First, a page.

Tim Burns, principal of Cranial Capital of Solon, Ohio, delivered an ominous warning to plastics packaging makers at the recent Packaging Strategies conference:
``Plastics is entering the sunset phase of its life,'' said Burns, a financial analyst who has followed packaging companies for 19 years and before that worked seven years for several packaging firms.
Burns hastened to add that plastics won't disappear - it's just that growth is no longer a given.
``Take it into context, please. Plastics will no longer just, you know, without care, destroy metal, paper and glass. Plastics will start to chew on its own leg. And that changes the ballpark and playing field quite dramatically, if you're in that industry.''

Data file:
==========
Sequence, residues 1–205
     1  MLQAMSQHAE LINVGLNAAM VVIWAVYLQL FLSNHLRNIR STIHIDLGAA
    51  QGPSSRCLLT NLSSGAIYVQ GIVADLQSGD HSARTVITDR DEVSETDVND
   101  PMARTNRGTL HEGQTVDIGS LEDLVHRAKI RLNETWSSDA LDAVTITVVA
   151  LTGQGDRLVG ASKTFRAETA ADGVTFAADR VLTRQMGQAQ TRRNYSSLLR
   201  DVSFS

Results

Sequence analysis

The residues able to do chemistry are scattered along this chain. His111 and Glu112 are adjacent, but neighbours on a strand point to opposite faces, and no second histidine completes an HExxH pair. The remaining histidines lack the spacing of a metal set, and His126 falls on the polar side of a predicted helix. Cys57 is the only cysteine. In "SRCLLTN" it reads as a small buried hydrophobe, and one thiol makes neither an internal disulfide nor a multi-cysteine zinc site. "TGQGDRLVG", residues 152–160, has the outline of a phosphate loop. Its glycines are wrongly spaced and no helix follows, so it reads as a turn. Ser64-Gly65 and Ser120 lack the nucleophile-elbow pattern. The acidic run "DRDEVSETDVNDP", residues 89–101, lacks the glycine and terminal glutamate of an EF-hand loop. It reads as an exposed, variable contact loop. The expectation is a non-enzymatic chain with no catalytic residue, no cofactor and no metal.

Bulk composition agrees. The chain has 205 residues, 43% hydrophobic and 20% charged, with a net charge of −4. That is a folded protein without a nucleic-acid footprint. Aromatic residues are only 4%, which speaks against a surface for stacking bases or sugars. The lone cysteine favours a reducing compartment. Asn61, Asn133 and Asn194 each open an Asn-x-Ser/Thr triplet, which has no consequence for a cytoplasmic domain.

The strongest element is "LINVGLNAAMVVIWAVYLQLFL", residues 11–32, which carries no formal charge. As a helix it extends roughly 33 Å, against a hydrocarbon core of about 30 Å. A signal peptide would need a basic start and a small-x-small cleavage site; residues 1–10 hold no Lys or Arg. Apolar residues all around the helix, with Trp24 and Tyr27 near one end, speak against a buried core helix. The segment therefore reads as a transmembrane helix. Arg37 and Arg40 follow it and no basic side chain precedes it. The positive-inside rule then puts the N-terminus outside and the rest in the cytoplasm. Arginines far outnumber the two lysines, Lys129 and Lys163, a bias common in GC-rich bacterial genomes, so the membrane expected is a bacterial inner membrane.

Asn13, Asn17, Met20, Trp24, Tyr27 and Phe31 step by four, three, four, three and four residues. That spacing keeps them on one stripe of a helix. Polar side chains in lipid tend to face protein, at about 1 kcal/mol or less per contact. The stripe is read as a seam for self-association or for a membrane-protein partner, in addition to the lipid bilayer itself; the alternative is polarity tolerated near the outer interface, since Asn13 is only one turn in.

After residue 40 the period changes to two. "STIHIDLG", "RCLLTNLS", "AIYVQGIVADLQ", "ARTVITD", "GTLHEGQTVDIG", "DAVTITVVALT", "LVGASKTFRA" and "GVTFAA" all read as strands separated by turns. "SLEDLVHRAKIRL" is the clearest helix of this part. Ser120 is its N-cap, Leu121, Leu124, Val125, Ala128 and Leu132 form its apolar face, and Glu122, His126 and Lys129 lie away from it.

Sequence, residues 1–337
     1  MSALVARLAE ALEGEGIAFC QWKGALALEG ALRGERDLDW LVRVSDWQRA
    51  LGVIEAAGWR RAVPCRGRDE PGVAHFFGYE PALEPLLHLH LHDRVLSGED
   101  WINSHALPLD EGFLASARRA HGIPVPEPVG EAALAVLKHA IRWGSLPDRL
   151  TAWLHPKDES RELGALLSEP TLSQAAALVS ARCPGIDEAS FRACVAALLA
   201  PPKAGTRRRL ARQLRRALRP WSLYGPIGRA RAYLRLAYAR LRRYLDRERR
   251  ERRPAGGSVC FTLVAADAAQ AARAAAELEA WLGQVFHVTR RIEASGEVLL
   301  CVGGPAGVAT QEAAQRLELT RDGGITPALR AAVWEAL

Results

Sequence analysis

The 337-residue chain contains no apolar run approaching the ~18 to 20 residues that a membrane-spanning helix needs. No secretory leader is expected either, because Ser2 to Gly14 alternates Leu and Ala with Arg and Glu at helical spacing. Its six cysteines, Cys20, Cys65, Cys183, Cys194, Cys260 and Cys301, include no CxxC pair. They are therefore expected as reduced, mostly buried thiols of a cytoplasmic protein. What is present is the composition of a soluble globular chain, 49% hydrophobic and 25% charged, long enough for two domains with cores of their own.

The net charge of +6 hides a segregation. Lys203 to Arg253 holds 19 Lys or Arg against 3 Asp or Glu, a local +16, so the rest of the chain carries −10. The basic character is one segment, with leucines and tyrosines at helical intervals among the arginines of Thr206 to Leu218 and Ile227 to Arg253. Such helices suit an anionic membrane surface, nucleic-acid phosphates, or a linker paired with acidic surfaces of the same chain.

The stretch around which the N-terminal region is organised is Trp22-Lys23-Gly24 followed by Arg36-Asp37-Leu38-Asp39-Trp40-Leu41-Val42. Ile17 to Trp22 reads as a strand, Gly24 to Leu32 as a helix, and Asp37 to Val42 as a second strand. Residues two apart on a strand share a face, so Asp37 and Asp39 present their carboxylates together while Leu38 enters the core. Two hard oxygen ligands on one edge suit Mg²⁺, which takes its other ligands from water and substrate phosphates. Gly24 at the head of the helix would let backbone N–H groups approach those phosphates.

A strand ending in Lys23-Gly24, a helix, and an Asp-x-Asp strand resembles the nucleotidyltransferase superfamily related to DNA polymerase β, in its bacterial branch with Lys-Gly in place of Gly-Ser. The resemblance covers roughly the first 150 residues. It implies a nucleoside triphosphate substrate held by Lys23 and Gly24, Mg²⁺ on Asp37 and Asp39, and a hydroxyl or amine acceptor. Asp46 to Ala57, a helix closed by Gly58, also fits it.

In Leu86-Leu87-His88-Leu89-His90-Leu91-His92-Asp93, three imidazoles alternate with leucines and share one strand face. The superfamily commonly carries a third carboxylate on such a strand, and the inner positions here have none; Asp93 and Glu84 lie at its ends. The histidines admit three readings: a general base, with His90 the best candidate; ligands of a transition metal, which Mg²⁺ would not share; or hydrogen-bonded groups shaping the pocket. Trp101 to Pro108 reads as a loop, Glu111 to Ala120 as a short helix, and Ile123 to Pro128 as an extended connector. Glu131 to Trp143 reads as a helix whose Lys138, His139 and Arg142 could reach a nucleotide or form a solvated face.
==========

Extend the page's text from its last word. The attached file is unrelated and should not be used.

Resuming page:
Asked to elaborate in a March 13 telephone interview, Burns stood by his words. Plastics no longer will constantly grab market share.
He compared the plastics situation to beverage cans, a sector where growth disappeared, and manufacturers had to restructure to improve profitability and return on invested capital.
``The plastics industry needs to learn from that experience. The growth doesn't go on forever. People ought to wake up and realize the free ride in plastics is no longer. The growth rate of plastics has been two, three, four times that of glass and paper, largely due to better features and cost performance,'' he said. ``Plastics has fed at the trough for a long time. A lot of that tail wind is not going to be there.''
He said plastics processors have to keep it simple and focused. For instance, instead of five business units that are bleeding to death, a company should shed nonproductive units and focus on areas where they can add value.